FIG. 7 illustrates an embodiment of a mass spectrometer according to the present invention with a magnetic trap and mesh trapping electrodes. FIG. 7 also includes a graph of a possible electric potential along the z axis when both electrons and positive ions are confined in the magnetic trap of the mass spectrometer.

FIG. 8 illustrates an embodiment of a mass spectrometer according to the present invention with a field-free region.

FIG. 9 illustrates another embodiment of a mass spectrometer according to the present invention with a field-free region.

DETAILED DESCRIPTION OF THE INVENTION

The present invention relates to a mass spectrometer capable of performing electron (or positron) capture dissociation, methods of performing tandem mass spectrometry, methods of performing electron capture dissociation, and methods of performing positron capture dissociation. Prior to describing this invention in further detail, however, the following terms will first be defined.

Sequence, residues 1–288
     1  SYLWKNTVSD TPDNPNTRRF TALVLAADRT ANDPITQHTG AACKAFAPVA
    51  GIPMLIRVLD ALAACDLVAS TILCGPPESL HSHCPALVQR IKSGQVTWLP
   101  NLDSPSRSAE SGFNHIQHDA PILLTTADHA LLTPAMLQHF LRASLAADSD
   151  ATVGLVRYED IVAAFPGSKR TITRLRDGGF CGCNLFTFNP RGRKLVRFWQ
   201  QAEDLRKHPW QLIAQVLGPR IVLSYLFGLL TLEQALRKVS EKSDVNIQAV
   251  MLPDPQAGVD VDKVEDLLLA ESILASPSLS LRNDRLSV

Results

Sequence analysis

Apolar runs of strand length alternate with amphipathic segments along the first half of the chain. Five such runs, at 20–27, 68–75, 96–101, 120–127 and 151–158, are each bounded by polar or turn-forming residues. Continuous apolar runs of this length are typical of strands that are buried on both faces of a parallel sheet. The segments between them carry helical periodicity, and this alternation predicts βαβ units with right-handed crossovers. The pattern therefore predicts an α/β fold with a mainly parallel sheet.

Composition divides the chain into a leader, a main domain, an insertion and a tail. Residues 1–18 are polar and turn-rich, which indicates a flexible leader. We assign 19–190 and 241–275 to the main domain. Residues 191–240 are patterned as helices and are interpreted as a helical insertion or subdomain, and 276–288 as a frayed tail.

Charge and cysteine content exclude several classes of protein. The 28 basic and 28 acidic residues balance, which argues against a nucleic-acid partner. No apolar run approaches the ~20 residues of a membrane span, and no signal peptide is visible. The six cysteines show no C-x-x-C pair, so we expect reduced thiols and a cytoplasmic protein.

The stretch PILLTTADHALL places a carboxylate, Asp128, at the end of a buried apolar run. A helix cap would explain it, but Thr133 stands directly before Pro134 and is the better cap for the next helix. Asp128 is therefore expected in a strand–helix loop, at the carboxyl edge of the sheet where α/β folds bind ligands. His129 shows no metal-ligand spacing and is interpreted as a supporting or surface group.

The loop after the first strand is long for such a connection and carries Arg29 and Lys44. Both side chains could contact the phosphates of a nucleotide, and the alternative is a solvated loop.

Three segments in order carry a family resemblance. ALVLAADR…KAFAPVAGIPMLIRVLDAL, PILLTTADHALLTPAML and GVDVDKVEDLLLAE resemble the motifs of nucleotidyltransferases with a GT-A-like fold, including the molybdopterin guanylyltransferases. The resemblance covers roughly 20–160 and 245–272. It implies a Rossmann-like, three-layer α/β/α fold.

Definitions:

“Mass analyzer” means any device capable of sorting ions according to their mass-to charge (m/z) ratios. Mass analyzers typically sort ions using electric and/or magnetic fields. Mass analyzers include, but are not limited to, magnetic sectors, linear and three-dimensional quadrupoles (including quadrupole mass filters and quadrupole ion traps), other multipole mass analyzers, Fourier transform ion cyclotron resonance mass spectrometers, and time-of-flight mass analyzers. Mass analyzers may include one or more detectors.

“Detector” means any device capable of detecting ions. Detectors include, but are not limited to, Farady cups, channeltron detectors, electron multipliers, electron photomultipliers, array detectors, and microchannel plates.